It's tax time once again.
For a still-rising number of taxpayers, this means it's time to
buy, download or purchase a copy of TurboTax or H&R Block at
Home (formerly known as TaxCut), the leading tax-preparation
H&R Block (NYSE:
These software programs are remarkably similar to each other, and
this year's programs look and feel a lot like the offerings from
last year. Frankly, it's hard to make a case for one tax software
package over the other as they are both quite good.
Yet there is a much more pitched battle when it comes to their
stocks. Each company sports a distinct
and each generates very different
. Which stock is the better buy? Let's find out...
1. Intuit: boringly successful
This maker of Quicken
software, along with the top-selling TurboTax, is the equivalent of
a Japanese sedan. It never surprises you and delivers the same user
experience year after year. With the exception of fiscal (July)
2009, when the weak
led to just 4% sales growth, revenue has otherwise risen either 11%
or 12% in three of the past four years. The outlook for fiscal 2012
and 2013? More of the same.
The rest of the company's
is equally predictable. Intuit has generated 30-32%
margins for seven straight years. The
net profit margin
appears stuck right at the 16% mark, year after year.
You get the point, the company is pretty predictable.
The question is, are
of Intuit a bargain? The best metric for these tried-and-true money
makers is a
ratio (which is the price-to-earnings ratio divided by the
growth rate). Companies with great brands such as
American Express (NYSE:
-- and Intuit -- typically merit a PEG ratio of between 1.5 and
In this respect, shares of Intuit look like a sure bargain. For
example, Coca-Cola is expected to boost earnings per share 7% in
2012, and trades for about 17 times projected 2012
of $4.14. That's a PEG ratio slightly above 2.0 (17 / 7 = 2.4). In
contrast, with projected
growth of around 14% in fiscal (July) 2013, and a price-to-earnings
(P/E) ratio of around 16.5 times projected EPS of around $3.30,
Intuit's PEG ratio is just above 1.0 (16.5 / 14 = 1.17).
2. H&R Block: A messy story gets cleaner
Despite Intuit's ability to pass the PEG test, I think H&R
Block carries even more upside -- albeit with more risk. The risk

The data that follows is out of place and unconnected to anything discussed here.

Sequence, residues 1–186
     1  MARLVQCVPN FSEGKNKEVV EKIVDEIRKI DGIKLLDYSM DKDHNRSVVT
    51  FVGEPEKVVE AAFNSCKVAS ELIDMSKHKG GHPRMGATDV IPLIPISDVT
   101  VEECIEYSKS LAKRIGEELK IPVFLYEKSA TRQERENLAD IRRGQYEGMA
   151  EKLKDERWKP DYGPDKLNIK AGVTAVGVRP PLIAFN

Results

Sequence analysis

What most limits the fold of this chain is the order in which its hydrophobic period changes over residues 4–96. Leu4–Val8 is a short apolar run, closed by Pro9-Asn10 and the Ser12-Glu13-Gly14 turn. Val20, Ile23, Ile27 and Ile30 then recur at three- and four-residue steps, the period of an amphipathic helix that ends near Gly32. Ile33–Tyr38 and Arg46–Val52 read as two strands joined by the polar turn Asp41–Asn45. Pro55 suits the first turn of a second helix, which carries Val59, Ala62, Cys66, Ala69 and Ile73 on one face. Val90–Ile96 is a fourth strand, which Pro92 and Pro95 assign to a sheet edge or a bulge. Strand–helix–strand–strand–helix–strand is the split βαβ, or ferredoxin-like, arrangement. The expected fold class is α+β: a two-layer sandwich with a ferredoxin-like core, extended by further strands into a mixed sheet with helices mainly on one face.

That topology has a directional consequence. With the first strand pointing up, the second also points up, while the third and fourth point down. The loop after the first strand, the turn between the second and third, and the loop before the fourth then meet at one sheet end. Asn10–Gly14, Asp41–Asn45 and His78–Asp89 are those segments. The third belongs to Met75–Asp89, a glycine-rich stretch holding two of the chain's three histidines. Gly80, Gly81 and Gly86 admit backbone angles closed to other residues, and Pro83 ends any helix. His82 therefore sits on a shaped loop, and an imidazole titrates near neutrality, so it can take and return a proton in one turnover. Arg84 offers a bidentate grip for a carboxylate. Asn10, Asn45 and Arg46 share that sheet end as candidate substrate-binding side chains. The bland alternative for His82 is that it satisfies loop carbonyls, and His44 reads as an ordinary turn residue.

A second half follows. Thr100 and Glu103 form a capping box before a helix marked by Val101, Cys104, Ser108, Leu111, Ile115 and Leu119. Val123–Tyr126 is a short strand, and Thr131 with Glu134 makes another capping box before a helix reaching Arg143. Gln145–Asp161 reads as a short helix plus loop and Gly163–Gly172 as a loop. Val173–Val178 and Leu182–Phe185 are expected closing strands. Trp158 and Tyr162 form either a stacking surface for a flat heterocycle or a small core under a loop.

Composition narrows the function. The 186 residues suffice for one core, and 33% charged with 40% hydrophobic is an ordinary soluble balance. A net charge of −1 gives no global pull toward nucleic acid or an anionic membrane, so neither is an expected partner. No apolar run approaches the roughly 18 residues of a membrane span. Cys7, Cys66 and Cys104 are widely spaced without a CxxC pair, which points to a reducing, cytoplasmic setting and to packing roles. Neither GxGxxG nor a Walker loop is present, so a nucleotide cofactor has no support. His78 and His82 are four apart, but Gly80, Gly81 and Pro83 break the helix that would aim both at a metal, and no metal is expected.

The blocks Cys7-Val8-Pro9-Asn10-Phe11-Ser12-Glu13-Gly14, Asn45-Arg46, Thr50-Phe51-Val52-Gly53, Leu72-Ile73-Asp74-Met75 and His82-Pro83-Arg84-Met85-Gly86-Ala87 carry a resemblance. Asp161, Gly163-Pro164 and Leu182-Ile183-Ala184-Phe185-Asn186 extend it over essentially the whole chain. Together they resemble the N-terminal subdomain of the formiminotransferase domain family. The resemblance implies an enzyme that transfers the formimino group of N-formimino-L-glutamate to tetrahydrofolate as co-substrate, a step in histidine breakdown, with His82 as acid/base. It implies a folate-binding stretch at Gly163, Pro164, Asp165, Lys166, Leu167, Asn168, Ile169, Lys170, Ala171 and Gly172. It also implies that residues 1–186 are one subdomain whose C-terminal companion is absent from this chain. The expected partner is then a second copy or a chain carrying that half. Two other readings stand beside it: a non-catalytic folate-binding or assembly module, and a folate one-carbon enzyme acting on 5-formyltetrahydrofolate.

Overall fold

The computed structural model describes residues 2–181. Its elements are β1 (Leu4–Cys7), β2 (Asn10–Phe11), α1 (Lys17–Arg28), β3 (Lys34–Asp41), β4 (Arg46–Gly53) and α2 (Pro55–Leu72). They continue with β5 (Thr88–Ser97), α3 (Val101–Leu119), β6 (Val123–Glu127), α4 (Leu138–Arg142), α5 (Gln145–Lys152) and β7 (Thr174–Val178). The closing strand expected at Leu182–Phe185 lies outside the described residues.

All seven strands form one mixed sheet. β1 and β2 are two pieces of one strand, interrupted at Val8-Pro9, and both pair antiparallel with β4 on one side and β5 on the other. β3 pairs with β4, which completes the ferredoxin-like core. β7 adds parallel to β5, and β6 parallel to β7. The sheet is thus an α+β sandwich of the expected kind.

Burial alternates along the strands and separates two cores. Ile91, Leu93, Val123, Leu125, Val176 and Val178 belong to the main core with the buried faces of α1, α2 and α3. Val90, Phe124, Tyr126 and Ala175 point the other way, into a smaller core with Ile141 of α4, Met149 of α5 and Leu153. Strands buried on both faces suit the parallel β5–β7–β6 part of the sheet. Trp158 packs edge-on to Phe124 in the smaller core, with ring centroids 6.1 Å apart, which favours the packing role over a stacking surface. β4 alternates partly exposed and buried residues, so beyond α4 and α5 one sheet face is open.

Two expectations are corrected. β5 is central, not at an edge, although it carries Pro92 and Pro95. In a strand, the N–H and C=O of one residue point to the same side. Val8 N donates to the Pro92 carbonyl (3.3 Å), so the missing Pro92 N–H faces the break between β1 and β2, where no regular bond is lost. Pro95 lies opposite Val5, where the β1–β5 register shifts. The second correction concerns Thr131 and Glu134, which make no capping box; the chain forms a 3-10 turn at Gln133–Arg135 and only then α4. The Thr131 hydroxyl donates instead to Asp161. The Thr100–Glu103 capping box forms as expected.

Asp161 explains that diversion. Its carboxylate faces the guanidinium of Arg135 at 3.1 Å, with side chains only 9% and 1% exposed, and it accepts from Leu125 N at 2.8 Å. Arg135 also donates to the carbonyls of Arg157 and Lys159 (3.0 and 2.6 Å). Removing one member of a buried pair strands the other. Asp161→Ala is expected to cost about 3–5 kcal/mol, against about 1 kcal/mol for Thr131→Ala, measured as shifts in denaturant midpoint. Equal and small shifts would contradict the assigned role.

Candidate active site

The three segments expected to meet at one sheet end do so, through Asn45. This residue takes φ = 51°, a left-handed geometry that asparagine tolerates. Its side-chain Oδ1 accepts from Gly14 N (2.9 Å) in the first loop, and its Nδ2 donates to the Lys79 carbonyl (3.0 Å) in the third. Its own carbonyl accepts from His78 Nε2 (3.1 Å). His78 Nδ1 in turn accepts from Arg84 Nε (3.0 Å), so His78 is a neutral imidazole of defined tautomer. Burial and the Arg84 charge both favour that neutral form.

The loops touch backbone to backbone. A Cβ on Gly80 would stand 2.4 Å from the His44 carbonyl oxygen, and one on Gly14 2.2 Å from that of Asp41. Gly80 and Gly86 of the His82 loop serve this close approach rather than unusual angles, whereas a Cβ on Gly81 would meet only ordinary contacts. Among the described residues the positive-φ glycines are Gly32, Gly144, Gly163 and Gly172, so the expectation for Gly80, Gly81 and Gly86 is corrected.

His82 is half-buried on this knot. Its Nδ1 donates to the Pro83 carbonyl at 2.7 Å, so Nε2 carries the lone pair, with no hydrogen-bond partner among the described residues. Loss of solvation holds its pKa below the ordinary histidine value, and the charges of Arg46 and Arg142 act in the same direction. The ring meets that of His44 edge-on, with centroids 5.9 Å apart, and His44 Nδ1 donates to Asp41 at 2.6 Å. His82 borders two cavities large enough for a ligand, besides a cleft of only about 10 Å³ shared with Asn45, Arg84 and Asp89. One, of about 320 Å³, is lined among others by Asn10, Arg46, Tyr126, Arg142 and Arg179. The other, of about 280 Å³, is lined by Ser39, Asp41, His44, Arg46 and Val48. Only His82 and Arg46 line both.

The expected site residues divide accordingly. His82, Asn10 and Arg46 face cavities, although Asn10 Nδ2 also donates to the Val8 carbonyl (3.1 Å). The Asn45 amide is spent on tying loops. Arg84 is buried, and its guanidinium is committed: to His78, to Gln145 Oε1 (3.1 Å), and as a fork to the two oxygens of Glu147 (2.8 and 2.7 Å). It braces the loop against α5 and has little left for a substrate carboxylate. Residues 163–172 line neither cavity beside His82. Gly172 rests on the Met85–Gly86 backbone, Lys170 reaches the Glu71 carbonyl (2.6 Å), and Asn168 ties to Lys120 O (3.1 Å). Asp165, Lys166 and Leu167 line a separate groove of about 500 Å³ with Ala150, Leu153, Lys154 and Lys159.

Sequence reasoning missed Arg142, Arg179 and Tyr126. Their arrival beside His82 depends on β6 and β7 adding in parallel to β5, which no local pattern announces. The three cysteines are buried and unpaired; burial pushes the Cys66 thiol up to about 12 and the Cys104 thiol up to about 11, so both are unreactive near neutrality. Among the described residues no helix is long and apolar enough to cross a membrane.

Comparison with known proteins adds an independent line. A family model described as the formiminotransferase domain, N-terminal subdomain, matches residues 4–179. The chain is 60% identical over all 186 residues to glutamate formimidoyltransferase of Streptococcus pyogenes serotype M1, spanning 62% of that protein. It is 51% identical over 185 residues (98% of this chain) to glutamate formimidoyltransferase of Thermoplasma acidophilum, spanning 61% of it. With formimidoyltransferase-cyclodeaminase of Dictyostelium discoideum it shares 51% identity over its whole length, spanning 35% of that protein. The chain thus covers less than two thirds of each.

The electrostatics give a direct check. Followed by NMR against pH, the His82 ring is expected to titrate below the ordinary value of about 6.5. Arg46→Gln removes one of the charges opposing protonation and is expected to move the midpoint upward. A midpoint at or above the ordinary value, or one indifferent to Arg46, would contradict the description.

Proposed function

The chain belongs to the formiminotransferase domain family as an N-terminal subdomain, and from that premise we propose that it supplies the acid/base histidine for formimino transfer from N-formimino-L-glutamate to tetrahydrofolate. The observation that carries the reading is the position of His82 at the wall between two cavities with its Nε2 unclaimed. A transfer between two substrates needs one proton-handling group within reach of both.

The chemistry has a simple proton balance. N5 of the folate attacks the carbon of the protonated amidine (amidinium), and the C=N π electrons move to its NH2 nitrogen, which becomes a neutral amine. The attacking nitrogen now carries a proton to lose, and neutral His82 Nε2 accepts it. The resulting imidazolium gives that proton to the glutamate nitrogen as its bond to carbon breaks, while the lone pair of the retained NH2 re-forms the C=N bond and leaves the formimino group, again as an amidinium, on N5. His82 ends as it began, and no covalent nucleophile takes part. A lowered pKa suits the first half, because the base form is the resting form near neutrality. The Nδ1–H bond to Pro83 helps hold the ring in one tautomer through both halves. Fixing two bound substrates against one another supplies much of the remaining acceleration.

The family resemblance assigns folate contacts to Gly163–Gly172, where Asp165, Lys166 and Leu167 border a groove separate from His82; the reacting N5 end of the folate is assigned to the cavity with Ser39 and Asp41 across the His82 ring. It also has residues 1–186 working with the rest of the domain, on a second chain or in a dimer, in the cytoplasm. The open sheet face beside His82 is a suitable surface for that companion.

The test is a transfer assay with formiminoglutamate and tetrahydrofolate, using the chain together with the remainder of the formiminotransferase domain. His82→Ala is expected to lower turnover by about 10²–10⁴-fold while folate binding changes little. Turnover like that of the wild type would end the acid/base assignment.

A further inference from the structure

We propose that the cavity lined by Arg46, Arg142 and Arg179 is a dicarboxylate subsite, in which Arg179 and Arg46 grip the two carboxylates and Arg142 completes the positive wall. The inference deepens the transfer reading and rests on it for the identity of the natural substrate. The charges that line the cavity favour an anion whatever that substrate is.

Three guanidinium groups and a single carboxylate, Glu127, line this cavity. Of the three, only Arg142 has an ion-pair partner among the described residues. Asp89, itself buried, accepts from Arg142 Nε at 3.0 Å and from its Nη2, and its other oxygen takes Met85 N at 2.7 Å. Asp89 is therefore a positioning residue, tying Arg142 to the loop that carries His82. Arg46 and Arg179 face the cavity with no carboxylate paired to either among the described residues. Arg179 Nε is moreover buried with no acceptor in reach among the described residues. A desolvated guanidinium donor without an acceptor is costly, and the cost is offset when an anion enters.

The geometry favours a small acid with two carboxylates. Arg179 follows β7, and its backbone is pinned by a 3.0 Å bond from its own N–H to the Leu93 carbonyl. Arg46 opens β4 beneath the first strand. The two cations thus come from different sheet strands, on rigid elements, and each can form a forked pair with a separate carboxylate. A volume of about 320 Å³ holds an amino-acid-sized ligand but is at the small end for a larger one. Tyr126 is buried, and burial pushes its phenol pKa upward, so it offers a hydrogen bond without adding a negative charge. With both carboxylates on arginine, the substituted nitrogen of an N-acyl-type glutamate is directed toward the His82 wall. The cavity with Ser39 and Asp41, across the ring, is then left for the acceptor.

stems from the fact H&R Block is still dealing with some
nagging lawsuits related to the recent
crisis. And the company has few fans on Wall Street, because its
annual results have been extremely erratic, since H&R Block
ventured into niches beyond its core tax business, such as mortgage
Moreover, H&R Block looks like a company in decline. Sales
peaked at $4.1 billion in fiscal (April) 2008, and are expected to
keep falling to below $3.5 billion by fiscal 2013. But you can't
forget that looks can be deceiving. Those revenue drops are the
result of management's decision to take the company back to its
roots and shed all noncore business lines. For example, the company
sold consulting firm RSM McGladrey this past August for $610
million. The tax business generates 25% pre-tax margins. McGladrey
had 6% pre-tax margins. So that $3.5 billion revenue base
represents far healthier margins and predictability than the prior
$4 billion revenue base represented.
About a year ago, I discussed H&R Block's anemic sales growth,
but also found the shares to be compelling based on the company's
free cash flow
. Shares have risen more than 30% since then, and I think an
additional 30% upside potential remains.
This is because a little-noticed regulatory change stands to help
H&R Block finally get the revenue line moving north in coming
years. (The consensus calls for a 1% drop in fiscal 2013, but that
is likely too
.) The change: standards for tax preparers are now much tougher,
thanks to recent legislation, which is weeding out a number of
unqualified tax preparers out of the business. Some of their
customers are likely to flock to H&R Block, either for on-site
help, or through the use of the company's software.
Regardless of whether the top line grows -- and how much it grows
-- you can be pretty sure that EPS will grow at a nice clip. That's
because H&R Block still has $1.2 billion left on a current
share buyback plan.
peaked at 339 million in the third quarter of 2009, a figure that
currently stands at 300 million. If H&R Block bought another $1
billion of its stock back, then the share count would drop to 240
million. A 20% reduction in the share count instantly yields a 20%
boost in EPS -- something investors will likely take notice of, and
bid shares up accordingly.
Even before this scenario plays out, shares are already inexpensive
at less than 10 times projected 2013 profits. The fact that the
stock carries a
of almost 5% doesn't hurt, either.
Risks to Consider:
The biggest risk to both of these stocks is the emergence of a
new player that offers tax prep software at even lower price
points. No one such entrant currently exists, but the high-margin
nature of this business may prove as an enticement.
Action to Take -->
Intuit is the "sleep well at night" stock of the two. It has nearly
doubled in value since early 2010 and should best be viewed as a
solid long-term investment while shares may simply mark time in the
near-term after such a solid run.
H&R Block, on the other hand, is under new leadership (
Bill Cobb took the reins seven months ago) and the company's
back-to-basics focus on the tax business could unlock solid gains
as the business gets more of management's attention. Meanwhile, the
low P/E, solid
and massive stock buyback makes this the most appealing
tax-preparation stock, with at least 30% upside.
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-- David Sterman
David Sterman does not personally hold positions in any
securities mentioned in this article. StreetAuthority LLC does not
hold positions in any securities mentioned in this article.
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